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AVELLINO v. HERRON

February 17, 1998

HONORABLE BERNARD J. AVELLINO, Plaintiff,
v.
HONORABLE JOHN W. HERRON, et al., Defendants.



The opinion of the court was delivered by: ROBRENO

 EDUARDO C. ROBRENO, J.

 FEBRUARY 17, 1998

 Defendant the Honorable John W. Herron moves the Court for certification to the Third Circuit of certain questions of law, and in the alternative, for reconsideration of the Court's Order-Memorandum of December 16, 1997 ("Order-Memorandum") in which the Court denied Judge Herron's motion to dismiss the complaint for lack of subject matter jurisdiction, for failure to state a claim, and on the basis of waiver, collateral estoppel and qualified immunity. *fn1" Ms. Nancy Sobolevitch is the Court Administrator of Pennsylvania and, in that capacity, seeks to participate in these proceedings as amicus curiae. For the reasons that follow, the Court will allow Ms. Sobolevitch to participate as amicus curiae in the case, but will deny Judge Herron's motion for certification and reconsideration.

 I. INTRODUCTION

 II. DISCUSSION

 A. Motion for Leave to Participate as Amicus Curiae

 Ms. Sobolevitch is the Court Administrator of Pennsylvania. In that capacity, she has filed a motion for leave to file as amicus curiae. Ms. Sobolevitch represents that she is the highest official of the Administrative Office of the Pennsylvania Courts, the Supreme Court of Pennsylvania's administrative arm. As such, her function is to carry out those administrative and supervisory responsibilities over Pennsylvania's unified judicial system which are expressly delegated to it by the Supreme Court of Pennsylvania. In sum, according to Ms. Sobolevitch, she acts on behalf of the Supreme Court of Pennsylvania in dealing with all non-adjudicatory matters.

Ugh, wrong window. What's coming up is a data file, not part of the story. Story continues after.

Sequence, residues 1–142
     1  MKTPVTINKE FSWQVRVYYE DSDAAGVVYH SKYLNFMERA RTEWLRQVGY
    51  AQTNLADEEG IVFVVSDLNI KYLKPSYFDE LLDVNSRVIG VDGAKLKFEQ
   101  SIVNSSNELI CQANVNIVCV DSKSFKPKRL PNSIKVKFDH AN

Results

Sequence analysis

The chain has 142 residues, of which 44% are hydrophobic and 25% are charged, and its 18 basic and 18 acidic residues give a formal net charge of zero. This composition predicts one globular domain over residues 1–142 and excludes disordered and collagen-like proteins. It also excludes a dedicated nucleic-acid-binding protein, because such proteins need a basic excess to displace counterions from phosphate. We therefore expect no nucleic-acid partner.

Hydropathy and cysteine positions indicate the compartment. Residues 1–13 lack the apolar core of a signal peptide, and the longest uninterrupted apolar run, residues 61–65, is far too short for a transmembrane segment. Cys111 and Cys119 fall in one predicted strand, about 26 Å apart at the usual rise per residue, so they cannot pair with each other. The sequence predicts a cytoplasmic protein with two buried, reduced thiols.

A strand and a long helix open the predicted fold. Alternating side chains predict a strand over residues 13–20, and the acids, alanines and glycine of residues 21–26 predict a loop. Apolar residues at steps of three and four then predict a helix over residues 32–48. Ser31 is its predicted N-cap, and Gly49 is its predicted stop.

A district court has inherent authority to allow amicus curiae to participate in proceedings. Martinez v. Capital Cities/ABC-WPVI, 909 F. Supp. 283 (E.D.Pa. 1995); Waste Management of Pa. v. City of York, 162 F.R.D. 34 (M.D.Pa. 1995). The Third Circuit has said that "permitting persons to appear in court . . . as friends of the court . . . may be advisable where third parties can contribute to a court's understanding." Harris v. Pernsley, 820 F.2d 592, 603 (3d Cir. 1987). Therefore, a court may grant leave to appear as an amicus if the information offered is "timely and useful." Waste Management, 162 F.R.D. at 36 (citing Yip v. Pagano, 606 F. Supp. 1566, 1568 (D.N.J. 1985), aff'd, 782 F.2d 1033 (3d Cir. 1986)).

 Because Ms. Sobolevitch is uniquely situated at the administrative apex of the Pennsylvania unified judicial system, and as a result, is intimately familiar with the interaction between the Supreme Court of Pennsylvania and the Court of Common Pleas of the First Judicial District, she can provide "timely and useful" information that will aid the Court in its understanding of the issues before it. Therefore, the Court will exercise its discretion and grant her leave to participate as amicus curiae. *fn2"

 B. Motion for Reconsideration3


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